16. 16. Application of bio-surfactants Surfactants are used in many industries such as household detergents, personal care, industrial cleaners, food processing, oleofield chemicals, agricultural chemicals, textiles, emulsion polymerization, paints and coatings, lubricant and fuel additives, metal working, mining chemicals, pulp and paper production, leather processing, etc. The largest end use market for surfactants is household cleaning detergents.
  17. 17. Raw materials Surfactants are made from oleochemical (bio-based) and/or petrochemical (synthetic) raw materials. Oleochemical surfactants are commonly derived from plant oils such as coconut and palm oils, from plant carbohydrates such as sorbitol, sucrose and glucose or from animal fats such as tallow. In a typical palm plantation, besides the oil and lignocellulosic biomass sources, there is some activity to convert palm oil mill effluent (POME) to high value chemicals and biogas. In the case of corn wet mill and sugar cane plantations, biomass is converted to fuel (mostly bio ethanol) and chemicals such as polyols, acids, and others.
  18. 18. Platform chemicals Sugars, Oils and other compounds in biomass can be converted into platform chemicals or building blocks directly or as by-products from fuel production processes analogous to the petrochemical industry today.
  19. 19. Biomass feed stock Intermediat e platform Building blocks Secondry chemicals starch Biobased Syn gas H2 Methan Higher alcohol Mixed alcohols Oxo syntheseis products ....... Ammonia synthesis, hydrogenation products Methyl esters,Formaldehyde, Acetic acid, Dimethylether, Dimethylcarbonate, Methyl amines, MTBE, olefins, Gasoline Olefinhydroformylationproducts: aldehydes, alcohols, acids.... Reagents-building unit Fuel oxygenates Solvents Amines Phenol-formaldehyde resins Plasticizers Polyvinyl acetate Polyvinyl alcohol Industrial transportation Glycerol Lactic Propionic acid ...... Fermentation products, Propylene glycol, malonic, 1,3PDO, diacids, propylalcohol, dialdehyde, epoxides Reagent, propionol, acrylate.... Antifreeze and deicers Emulsifiers textiles Fumaric acid Aceton Malic acid ...... THF, 1,4-Butanediol γ-butyrolactone, pyrrolidones, esters, diamines,4,4-Bionelle, Hydroxybutyricacid Butanediols, butenols..... Green solvents Polypyrrolidones Phthalate polyesters Safe food supply Furfural Xylitol/arabitolitaconic acid Itaconic acid .... Methyl succinatederivatives (see above), unsaturated esters many furan derivatives EG, PG, glycerol, lactate, hydroxyfurans, sugar acids..... Resins, crosslinkers Polyethers Polyhydroxypolyesters Specialty chemical intermediate Communication environment Citric/aconitic acid Lysine Sorbitol ..... 1,5-pentanediol, itaconicderivatives, pyrrolidones, esters, Numerous furan derivatives, succinate, esters, levulinicacid Glycols (EG, PG), glycerol, lactate, isosorbide Caprolactam, diaminoalcohols, 1,5-diaminopentane hemicellul ose cellulose Lignin oil protein Sugers: Glucose Fructose Xylose Lactose Sucrose starch Gallic acid Ferulic acid Direct polymers & gum intermediates Polyurethanes Nylons (polyamides) PEIT polymer Products/uses Recreation housing Health and hygience Phenolics, food additives Poyaminoacids Polysaccharides polyhydroxyalkonoates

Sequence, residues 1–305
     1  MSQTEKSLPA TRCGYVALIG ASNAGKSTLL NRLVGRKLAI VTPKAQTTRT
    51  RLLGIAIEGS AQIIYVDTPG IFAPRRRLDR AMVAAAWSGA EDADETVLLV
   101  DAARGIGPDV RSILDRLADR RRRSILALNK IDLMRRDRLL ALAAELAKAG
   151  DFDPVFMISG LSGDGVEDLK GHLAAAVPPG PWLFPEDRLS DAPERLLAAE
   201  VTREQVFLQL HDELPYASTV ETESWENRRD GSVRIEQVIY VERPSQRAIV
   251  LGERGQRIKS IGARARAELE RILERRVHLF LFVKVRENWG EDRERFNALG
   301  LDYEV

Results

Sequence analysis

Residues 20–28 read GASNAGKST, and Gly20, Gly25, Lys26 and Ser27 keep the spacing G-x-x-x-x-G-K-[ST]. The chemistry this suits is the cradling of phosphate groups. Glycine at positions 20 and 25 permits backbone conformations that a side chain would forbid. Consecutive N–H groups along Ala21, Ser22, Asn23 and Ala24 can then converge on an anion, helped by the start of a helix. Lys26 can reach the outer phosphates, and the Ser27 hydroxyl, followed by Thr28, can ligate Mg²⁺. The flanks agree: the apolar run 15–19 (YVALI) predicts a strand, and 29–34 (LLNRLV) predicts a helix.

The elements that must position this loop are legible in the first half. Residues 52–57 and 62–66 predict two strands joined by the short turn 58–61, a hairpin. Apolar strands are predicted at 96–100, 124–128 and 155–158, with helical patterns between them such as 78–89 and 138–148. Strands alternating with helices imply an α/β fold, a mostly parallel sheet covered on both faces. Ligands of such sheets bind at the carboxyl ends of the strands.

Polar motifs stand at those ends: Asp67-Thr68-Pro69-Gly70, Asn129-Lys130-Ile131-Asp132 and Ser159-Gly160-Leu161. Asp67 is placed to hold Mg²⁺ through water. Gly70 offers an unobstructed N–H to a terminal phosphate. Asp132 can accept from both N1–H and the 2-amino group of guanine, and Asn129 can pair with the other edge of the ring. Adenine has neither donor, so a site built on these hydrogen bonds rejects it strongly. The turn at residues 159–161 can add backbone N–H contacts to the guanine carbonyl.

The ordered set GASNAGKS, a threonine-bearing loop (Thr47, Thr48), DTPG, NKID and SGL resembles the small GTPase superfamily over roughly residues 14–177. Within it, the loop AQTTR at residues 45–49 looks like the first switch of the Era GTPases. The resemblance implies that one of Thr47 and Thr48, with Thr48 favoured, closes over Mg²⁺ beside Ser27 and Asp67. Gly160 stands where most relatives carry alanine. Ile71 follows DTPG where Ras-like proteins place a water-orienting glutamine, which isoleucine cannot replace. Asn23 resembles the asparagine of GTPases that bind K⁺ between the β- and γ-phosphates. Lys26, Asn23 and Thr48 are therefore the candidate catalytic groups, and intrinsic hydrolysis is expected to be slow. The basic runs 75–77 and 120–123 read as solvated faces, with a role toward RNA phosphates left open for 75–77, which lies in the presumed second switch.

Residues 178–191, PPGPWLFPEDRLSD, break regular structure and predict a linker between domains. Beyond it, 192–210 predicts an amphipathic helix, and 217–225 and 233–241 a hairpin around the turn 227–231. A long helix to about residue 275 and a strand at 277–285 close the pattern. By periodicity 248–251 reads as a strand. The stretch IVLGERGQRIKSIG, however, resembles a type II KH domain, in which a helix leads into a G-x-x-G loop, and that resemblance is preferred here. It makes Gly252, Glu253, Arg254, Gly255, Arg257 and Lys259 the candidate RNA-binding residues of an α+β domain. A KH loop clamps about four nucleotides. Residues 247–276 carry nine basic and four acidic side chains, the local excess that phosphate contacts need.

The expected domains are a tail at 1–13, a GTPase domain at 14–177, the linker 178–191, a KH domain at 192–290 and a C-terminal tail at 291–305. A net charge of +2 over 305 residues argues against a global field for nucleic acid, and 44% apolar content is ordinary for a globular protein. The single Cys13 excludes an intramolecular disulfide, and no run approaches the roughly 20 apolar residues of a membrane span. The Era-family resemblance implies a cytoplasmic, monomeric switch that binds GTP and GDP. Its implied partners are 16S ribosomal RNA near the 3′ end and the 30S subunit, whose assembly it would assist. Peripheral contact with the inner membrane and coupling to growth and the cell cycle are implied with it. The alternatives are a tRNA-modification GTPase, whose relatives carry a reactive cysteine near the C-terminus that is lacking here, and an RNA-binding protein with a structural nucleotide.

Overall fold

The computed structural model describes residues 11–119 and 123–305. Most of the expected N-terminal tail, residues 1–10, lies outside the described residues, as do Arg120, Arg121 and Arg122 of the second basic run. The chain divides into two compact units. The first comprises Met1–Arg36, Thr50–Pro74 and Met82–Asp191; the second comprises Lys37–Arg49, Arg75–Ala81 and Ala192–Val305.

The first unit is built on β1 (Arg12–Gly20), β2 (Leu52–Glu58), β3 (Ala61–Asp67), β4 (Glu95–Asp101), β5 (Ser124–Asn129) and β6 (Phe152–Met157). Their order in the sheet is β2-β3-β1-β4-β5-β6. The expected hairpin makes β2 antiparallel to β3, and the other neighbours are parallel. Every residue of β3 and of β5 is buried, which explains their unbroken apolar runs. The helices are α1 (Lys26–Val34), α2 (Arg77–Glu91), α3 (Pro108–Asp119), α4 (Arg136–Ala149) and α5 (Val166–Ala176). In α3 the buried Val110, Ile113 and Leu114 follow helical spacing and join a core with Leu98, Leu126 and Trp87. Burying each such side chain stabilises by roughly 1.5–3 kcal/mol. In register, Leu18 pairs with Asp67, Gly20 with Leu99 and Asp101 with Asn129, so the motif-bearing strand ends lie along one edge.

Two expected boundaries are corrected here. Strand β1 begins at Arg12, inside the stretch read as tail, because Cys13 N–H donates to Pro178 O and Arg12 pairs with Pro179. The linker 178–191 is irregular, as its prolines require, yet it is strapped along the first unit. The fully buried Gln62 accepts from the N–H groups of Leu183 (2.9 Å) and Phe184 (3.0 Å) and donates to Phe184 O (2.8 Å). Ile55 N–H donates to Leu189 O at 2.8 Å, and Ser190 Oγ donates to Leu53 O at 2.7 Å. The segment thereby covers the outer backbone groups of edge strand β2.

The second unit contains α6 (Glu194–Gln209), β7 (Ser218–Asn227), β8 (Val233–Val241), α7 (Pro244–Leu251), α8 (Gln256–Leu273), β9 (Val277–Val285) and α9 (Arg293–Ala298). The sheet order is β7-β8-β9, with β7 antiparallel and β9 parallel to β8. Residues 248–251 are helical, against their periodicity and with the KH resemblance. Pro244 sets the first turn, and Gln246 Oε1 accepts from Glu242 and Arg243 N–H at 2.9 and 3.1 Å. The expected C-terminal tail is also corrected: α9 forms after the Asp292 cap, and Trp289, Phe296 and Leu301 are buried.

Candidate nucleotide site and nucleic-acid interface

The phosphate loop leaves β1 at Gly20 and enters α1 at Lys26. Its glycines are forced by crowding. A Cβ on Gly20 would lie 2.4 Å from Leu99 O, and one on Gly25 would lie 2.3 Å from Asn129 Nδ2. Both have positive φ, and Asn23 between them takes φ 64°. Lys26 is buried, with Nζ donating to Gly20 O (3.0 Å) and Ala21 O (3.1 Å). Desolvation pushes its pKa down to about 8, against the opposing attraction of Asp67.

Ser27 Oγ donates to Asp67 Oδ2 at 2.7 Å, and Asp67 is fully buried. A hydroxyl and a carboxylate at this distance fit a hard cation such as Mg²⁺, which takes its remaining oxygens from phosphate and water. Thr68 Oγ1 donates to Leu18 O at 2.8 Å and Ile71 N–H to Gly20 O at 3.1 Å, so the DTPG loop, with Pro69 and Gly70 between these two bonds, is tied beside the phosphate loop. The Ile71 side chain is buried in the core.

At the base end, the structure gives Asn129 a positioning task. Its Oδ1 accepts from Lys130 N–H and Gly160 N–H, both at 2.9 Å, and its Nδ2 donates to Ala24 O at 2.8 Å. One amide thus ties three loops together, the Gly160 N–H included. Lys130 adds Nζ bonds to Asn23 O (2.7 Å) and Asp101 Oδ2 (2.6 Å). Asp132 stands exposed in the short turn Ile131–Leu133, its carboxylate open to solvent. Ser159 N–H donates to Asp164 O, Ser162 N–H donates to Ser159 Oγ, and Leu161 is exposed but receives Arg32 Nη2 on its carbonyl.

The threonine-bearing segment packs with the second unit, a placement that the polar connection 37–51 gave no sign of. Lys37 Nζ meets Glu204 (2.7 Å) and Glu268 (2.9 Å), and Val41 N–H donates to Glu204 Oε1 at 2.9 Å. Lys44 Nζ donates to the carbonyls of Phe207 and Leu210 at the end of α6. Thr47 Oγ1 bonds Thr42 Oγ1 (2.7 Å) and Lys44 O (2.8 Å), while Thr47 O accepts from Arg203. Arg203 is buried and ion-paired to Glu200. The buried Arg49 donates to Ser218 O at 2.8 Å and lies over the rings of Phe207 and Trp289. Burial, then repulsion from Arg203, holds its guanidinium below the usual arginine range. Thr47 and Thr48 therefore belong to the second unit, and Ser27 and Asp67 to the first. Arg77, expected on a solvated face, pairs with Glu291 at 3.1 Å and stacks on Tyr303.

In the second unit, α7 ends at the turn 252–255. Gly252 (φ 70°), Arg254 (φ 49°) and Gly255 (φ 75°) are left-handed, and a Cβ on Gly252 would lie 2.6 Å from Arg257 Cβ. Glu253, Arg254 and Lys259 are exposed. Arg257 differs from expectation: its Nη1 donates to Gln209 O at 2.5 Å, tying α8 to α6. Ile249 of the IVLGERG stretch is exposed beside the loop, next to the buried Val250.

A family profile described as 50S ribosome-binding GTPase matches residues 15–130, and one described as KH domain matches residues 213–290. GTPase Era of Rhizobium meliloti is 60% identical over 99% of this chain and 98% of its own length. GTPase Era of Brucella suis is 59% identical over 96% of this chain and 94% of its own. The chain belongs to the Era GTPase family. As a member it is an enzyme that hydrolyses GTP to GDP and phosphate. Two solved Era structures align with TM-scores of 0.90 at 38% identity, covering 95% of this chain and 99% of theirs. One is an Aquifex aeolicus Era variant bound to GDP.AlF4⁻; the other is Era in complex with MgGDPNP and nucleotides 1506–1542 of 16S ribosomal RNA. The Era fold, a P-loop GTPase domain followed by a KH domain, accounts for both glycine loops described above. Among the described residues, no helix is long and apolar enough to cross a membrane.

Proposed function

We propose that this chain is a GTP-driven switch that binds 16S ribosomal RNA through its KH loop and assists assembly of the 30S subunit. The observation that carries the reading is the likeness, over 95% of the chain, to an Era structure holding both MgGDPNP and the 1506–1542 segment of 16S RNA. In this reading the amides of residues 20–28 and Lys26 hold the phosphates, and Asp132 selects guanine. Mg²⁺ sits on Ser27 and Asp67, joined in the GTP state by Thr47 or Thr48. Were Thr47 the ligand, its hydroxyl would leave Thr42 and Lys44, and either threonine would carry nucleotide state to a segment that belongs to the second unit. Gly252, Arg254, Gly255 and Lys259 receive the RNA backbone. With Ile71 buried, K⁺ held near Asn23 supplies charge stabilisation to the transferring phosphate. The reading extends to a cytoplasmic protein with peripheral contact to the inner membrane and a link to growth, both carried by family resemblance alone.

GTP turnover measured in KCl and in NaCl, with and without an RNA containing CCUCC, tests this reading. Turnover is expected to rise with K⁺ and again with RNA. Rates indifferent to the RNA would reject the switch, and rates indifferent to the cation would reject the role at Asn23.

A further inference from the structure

20. 20. Which Way to Go? Various building block molecules such as 5-hydroxymethylfurfural (HMF), derived from cellulosic biomass, Startup companies such as Segetis: are developing novel chemicals based on levulinic acid for use as replacement solvents and plasticizers. Roquette :has been actively pursuing commercial scale production of isosorbide from sugar feedstock useful in the development of bioplasticizers and bisphenol free polycarobonate resins.